May 19, 2024

British Prime Minister Sunak wants to carry on the Rwandan model with serious measures

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Great Britain's Prime Minister Rishi Sunak wants to stick to his plan to implement the Rwanda model. © Credit: Fred Duvall/Vuk Walczyk/Imaco-Images

Rishi Sunak is toying with withdrawing from the European Convention on Human Rights on his migration policy. A new peak in election campaigning?

LONDON – Debates over government immigration policy are high on the political agenda in many European countries. A frequently asked solution in recent months is the outsourcing of asylum procedures to third countries. A related plan by British Prime Minister Sunak is called the “Rwanda Model”. The conservative head of government's big problem: the model may violate the European Convention on Human Rights (EHCR). However, Sunak has no reason to cancel the project.

Rwanda model in Great Britain – Sunak wants to implement controversial projects

In an interview with a British tabloid the sun Sunak has now confirmed that he will follow the Rwandan model and is ready to take drastic measures. Under the plans, asylum seekers would be deported to Rwanda after arriving in the British Isles, where they could then submit an asylum application. Sunak also recommends withdrawing from international treaties, including the EHCR, to implement the plans.

“I believe our plans are consistent with our international obligations, including the European Convention on Human Rights,” Sunak said. “But I believe that we can control border security and illegal immigration, which is more important than any member of a foreign court because it is fundamental to our sovereignty as a country.” Law.

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The Supreme Court in Great Britain ruled in November 2023 that Sunak's plans violated applicable law. The top judges saw a risk that asylum seekers in Rwanda could not receive a fair trial. Sunak planned to avoid the ruling by quickly declaring Rwanda a legally safe third country. But the joint human rights committee of the British House of Commons and House of Lords rejected the plans. Such a plan would be “fundamentally incompatible” with Britain's human rights obligations.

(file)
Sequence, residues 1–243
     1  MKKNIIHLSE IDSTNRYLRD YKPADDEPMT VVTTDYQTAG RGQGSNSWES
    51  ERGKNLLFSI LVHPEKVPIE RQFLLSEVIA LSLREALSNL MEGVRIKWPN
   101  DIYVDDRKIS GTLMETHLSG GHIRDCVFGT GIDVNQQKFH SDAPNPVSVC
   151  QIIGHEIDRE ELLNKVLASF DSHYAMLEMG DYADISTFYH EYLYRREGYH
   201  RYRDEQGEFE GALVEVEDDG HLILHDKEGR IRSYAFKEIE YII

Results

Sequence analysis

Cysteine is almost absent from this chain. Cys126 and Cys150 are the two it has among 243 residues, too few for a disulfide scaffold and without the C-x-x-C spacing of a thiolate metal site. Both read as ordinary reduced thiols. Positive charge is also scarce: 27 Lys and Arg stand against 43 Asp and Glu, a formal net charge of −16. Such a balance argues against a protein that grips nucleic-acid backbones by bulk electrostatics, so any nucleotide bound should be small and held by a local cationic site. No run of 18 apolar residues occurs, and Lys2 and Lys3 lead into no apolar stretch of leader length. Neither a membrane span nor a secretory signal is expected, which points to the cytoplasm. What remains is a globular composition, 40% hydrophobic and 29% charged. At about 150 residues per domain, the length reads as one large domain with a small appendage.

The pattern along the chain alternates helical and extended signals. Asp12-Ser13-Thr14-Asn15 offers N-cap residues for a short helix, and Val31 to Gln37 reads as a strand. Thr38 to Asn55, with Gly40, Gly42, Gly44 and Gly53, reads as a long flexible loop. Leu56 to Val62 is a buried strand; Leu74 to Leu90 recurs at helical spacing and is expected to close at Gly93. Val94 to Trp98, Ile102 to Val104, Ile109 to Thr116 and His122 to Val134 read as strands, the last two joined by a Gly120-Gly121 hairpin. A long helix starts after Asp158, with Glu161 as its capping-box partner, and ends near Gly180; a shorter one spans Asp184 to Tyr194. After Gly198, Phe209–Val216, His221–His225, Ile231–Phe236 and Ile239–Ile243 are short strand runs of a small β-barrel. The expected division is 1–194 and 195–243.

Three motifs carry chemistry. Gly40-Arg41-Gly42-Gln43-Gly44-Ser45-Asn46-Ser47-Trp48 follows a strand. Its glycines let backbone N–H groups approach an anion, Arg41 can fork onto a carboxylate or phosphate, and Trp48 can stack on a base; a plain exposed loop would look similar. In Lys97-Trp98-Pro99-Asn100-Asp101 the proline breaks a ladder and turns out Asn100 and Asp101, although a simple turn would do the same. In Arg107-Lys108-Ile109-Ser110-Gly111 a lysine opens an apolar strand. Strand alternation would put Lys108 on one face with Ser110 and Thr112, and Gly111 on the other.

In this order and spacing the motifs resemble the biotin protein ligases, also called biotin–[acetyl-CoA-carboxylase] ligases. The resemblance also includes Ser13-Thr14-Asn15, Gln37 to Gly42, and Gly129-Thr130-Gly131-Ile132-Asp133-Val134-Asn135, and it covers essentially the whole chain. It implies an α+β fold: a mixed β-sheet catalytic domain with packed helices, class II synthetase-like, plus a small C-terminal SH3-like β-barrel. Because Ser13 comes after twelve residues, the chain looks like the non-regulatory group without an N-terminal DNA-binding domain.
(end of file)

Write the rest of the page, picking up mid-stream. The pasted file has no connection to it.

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Sunak may further increase pressure on migration policy, especially in view of the general election in Great Britain, which may be scheduled for the second half of the year. In opinion polls, the conservative Tories are far behind the Social Democratic Labor Party. Sunak's party could even face a real embarrassment in the election, according to a survey by the polling firm Youkov. Like a news agency Reuters On Wednesday (April 3), Labor won more than 400 of the 650 seats in the British House of Commons. The Tories face their worst result since 1997.

International legal experts doubt the viability of Sunak's Rwanda model – even if the ECHR leaves

The Rwanda Model is considered a prestigious project of the Prime Minister. His latest statements the sunThe interview suggests that Sunak cannot shy away from radical measures such as withdrawing from the EHCR. It is doubtful whether Rwanda's plans – as Sunak has announced – can be brought into line with human rights conventions.

“Anyone who wants to outsource asylum procedures in this way is losing reality under international law,” Green Party politician Julian Balke said last year. IPPEN.MEDIA. However, even after the UK withdraws from the EHCR, the Rwandan model may not work. Matthias Hardwig of the Max Planck Institute for International Law and Comparative Public Law in Heidelberg shared this assessment in November 2023. IPPEN.MEDIA.

In their reasoning, the highest judges of Great Britain refer not only to the relevant international treaties, but also to customary international law. It evolves through the relative legal beliefs and practices of states. “If one follows the Court's assessment, this provision applies if Great Britain does not recognize the relevant conventions,” Hardwick pointed out.

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Britain discusses Rwanda model – Sunak to deliver

However, time is running out for Sunak. Like a news agency B.A On Monday (April 1), the number of people crossing the English Channel in small boats to Britain hit a record for the first quarter of the year. More than 5,400 people have made the perilous journey through the strait in the first three months of this year alone. On April 15, the House of Commons is scheduled to debate the reclassification of Rwanda as a safe third country. The British Prime Minister may need a win, especially given the election. (fd with dpa)